In the last update of January 2019, we remarked that the changes and updates from the end market seemed quieter throughout fall of 2018. Although the updates and changes in end market specifications seems to have quieted down, it appears that the new year has brought a significant pricing decline to many of the commodities. Cardboard pricing has declined to the lowest pricing levels that we have seen in the 30 years.
The Chinese government is acting decisively and actively and eliminating the imports of inbound material shipment through 2018 and accelerating this elimination through 2019, with an expected 0 (zero) Metric Tonnes by early 2020. The recycling industry previously thought “it is not possible” that the Chinese markets would dry up entirely, but the reality is that it is currently occurring. The consequence of the Chinese end market mills not purchasing North American recycled materials is that globally the price for these commodities is free falling.
The effect of China policy changes and reducing their consumption of recycled materials has many implications, including Chinese companies physically relocating their mills from China to other countries. In addition, we have seen an increase in investments and capacity in North America. This is good news for the medium to long term, but it is not good news shorter term. Eliminating an end market that previously consumed over half of the world’s recyclables each year, has caused a glut of commodities in the global supply chain. The remaining end markets can lower their inbound pricing as there is plenty of global supply.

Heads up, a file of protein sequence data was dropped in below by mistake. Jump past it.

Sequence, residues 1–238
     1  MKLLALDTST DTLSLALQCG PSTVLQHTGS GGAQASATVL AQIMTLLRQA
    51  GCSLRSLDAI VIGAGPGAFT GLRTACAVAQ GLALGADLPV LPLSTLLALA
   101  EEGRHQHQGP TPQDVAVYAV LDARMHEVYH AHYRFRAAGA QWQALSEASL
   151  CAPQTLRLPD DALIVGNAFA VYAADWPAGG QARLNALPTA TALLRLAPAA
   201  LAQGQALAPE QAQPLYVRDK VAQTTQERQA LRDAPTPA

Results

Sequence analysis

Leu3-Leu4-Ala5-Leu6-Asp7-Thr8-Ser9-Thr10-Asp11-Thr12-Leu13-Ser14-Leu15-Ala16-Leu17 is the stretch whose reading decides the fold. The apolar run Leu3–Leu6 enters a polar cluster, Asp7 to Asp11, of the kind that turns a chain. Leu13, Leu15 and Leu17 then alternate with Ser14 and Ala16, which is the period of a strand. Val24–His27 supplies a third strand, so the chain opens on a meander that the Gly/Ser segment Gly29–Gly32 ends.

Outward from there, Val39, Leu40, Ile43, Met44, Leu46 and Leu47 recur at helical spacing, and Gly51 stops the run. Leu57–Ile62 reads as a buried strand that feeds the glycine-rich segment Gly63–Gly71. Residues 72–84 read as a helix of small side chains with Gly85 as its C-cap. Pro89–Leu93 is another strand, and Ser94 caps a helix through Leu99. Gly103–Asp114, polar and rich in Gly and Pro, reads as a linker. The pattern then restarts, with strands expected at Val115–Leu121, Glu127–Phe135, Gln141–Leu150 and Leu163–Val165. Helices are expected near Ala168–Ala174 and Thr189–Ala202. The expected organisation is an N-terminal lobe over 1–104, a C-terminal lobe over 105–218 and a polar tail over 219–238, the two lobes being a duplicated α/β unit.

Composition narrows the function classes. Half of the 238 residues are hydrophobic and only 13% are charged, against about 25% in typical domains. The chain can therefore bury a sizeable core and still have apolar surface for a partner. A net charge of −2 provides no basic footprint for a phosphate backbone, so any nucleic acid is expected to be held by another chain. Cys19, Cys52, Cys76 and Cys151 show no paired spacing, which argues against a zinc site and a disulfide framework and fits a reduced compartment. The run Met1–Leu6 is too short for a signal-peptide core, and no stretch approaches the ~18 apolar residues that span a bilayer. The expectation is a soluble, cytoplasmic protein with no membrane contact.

The price for Cardboard was stable in January but has dropped significantly in both February and March 2019. In addition to lower pricing availability of freight is also a challenge. The lack of freight availability coupled with the decline of markets has produced the most challenging market conditions we have ever experienced.
To our valued suppliers, we regret to inform you that you will likely see the lowest pricing we have had to offer in our history. We will have to charge to receive some commodities that we have always paid for. Our focus continues being transparent with our valued suppliers and diligent with respect to the quality of material we produce to ensure that our remaining end market mills want to take the material that Urban Impact produces and ships to them.
The global market for recycled goods such as cardboard will have to readjust as capacity is moved to other countries and mill locations, but for the short term we are anticipating volatility and uncertainty with respect to pricing.